Financial Management in Architecture

I was delighted to be invited to guest lecture at Birmingham School of Architecture at BCU recently. Ruth Reed, Programme Director of the Prost-grad Diploma in Architectural Practice needed someone to talk to Part 3 students about Financial Management in professional practice. I have over 10 years of experience working at management level in small practices, a large proportion of which was spent managing finances – so of course I agreed.

The content of the module seemed straightforward enough: invoicing, payment of fees, cashflow forecasting, business planning, resource management, taxation, and so on. But I knew I was going to be faced with a room full of people who I could be fairly sure didn’t study architecture because they find tax issues and spreadsheets fascinating.

I had 2.5 hours to cover this enormous topic but together we worked our way through it, and finished off with 5 group exercises which I hoped demonstrated that financial management is simple. I’m delighted to report that no-one fell asleep and I definitely heard someone utter the words “I love spreadsheets” (no joke!). It might have helped that I approached the subject matter from the perspective of a fictitious small (micro) practice with a modest turnover and who employed just 4 members of staff. Scaling financial management right down to this level seems to be an effective way of understanding the basics.

A few points from the lecture (and I would welcome feedback on these points from practitioners):

  • keeping accurate accounting records and updating them regularly will avoid any nasty surprises.
  • a cashflow forecast and a budget are two different things.
  • a traditional invoicing schedule (ie. invoicing on completion of a workstage) isn’t always the best invoicing schedule.
  • setting goals in a financial business plan and regularly reviewing them as a team means that aims are more likely to be achieved.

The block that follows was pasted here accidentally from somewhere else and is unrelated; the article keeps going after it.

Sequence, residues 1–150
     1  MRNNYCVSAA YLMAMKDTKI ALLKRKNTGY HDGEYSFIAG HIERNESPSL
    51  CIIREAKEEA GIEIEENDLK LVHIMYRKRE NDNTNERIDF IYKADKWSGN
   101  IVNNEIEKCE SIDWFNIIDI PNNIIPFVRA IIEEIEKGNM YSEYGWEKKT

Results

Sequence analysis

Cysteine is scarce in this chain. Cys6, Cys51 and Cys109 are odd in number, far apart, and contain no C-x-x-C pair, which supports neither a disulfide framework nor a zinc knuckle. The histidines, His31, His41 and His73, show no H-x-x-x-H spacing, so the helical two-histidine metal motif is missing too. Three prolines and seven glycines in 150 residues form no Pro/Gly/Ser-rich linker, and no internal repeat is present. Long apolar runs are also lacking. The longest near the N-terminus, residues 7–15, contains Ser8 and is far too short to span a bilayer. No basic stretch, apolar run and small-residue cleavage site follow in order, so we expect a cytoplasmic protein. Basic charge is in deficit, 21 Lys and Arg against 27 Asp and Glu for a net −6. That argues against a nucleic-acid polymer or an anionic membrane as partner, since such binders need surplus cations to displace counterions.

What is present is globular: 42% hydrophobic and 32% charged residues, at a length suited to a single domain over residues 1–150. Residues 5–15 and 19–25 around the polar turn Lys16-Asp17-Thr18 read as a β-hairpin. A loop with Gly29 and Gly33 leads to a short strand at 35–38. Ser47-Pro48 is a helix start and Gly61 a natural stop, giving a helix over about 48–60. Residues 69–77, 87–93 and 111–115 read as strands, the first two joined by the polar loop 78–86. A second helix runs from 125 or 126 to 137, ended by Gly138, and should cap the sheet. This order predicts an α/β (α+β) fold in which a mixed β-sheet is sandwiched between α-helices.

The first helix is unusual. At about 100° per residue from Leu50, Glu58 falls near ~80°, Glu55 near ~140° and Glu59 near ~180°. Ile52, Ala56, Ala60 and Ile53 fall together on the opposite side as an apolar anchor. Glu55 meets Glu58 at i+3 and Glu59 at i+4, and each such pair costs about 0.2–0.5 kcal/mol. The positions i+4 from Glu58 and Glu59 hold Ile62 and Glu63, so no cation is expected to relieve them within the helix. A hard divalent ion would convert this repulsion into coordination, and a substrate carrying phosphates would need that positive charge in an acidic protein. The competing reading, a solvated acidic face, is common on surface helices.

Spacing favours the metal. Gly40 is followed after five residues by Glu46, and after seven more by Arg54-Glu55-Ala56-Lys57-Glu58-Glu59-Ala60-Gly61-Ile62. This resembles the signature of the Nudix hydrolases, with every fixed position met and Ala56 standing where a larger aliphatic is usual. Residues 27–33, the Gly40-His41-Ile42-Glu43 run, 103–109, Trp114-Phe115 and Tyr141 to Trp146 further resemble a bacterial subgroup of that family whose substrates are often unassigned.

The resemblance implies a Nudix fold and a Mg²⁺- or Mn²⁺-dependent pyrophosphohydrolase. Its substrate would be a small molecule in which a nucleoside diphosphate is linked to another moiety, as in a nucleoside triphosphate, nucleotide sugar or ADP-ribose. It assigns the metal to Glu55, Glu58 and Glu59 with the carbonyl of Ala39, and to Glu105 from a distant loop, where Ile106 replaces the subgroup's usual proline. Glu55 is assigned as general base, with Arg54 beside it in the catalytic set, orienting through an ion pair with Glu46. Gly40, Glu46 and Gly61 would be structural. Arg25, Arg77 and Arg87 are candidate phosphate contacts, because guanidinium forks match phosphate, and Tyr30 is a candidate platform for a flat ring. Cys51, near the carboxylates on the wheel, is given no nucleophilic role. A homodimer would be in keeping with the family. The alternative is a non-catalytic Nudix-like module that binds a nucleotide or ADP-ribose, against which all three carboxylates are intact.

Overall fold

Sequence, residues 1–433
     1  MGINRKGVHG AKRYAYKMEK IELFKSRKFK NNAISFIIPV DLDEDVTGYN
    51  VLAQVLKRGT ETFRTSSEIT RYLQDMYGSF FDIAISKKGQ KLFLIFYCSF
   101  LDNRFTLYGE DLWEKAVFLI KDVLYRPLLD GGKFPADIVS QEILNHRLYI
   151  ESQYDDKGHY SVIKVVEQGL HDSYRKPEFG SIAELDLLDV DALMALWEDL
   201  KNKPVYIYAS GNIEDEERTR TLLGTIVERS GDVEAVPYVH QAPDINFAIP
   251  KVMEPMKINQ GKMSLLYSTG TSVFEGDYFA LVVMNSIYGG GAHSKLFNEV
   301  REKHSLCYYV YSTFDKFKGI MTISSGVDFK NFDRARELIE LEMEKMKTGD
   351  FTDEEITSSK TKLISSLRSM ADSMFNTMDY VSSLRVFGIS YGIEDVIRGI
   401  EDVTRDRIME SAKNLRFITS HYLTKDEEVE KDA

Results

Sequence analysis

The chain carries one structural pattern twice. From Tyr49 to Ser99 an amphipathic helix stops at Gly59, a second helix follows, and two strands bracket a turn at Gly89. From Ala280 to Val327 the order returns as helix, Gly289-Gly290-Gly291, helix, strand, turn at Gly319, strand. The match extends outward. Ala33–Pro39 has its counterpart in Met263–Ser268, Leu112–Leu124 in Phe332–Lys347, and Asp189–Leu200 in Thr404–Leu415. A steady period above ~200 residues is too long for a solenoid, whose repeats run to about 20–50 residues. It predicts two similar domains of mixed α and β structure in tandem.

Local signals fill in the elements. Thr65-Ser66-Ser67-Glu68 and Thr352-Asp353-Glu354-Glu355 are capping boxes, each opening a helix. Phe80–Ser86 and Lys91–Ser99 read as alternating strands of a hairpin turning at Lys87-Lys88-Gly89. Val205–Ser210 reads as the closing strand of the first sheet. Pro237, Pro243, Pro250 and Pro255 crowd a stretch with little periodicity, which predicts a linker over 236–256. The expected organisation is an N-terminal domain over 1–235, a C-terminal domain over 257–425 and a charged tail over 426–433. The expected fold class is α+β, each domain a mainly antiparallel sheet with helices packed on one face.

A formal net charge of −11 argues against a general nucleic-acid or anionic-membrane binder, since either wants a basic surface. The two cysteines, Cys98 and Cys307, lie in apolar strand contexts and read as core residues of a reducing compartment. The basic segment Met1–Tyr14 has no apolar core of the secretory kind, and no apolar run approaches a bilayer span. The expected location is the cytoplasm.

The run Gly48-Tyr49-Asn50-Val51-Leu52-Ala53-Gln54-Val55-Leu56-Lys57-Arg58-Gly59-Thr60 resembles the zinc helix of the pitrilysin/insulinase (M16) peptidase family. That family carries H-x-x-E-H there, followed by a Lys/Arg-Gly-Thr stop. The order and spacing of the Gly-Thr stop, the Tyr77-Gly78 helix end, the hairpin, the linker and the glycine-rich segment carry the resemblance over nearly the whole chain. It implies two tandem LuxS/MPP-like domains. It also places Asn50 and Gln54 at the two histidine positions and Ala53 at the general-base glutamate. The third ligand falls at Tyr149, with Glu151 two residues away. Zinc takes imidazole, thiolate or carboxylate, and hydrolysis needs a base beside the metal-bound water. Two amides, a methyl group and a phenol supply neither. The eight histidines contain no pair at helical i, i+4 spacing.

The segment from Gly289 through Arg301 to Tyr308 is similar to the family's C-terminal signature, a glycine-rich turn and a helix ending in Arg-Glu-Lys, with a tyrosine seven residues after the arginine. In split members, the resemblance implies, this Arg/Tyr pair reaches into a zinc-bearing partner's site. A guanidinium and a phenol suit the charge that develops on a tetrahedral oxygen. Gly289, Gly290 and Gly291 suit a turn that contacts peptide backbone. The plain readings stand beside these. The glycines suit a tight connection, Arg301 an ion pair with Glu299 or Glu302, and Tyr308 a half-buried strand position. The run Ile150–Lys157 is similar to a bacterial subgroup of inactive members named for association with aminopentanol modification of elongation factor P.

• financial management isn’t a science, you don’t need to be an expert or necessarily even have an interest in accounting – if you can manage your own bank account you can manage the finances of a SME.
  • keep it simple!

We finished off with some thoughts about other industries, particularly new emerging industries such as web development, and how they can be applied to our own industry. The message I was sharing was that the old ways aren’t always the best. I’m always looking for new ways to liven up financial management or make life easier. In fact one of the examples I cited was Angry Productive Birds. It’s a bit of fun and possibly a bit silly, but hey, why can’t time management and project resourcing be fun?

I’m pleased to say that the students seems to enjoy the lecture. They went away looking less worried and the feedback I’ve received so far is very positive. I hope to be able to deliver this lecture again in the future.

Comments from those who attended the lecture, along with comments from practitioners about managing finances would be most welcome.

2 thoughts on “Financial Management in Architecture

  1. You can bill proportions of a work stage on a monthly basis. This is good for cash flow and clients don’t seem to have an issue if it is clearly set out.

    • Absolutely agree David. We covered this in the lecture. Some practices still feel they have to invoice at the end of a workstage, but clients often prefer regular monthly payments, plus it means you’re getting paid as you’re doing the work rather than 3 or 4 (and often more) months after doing it. Spreading income and outgoings is the best way to manage cashflow.

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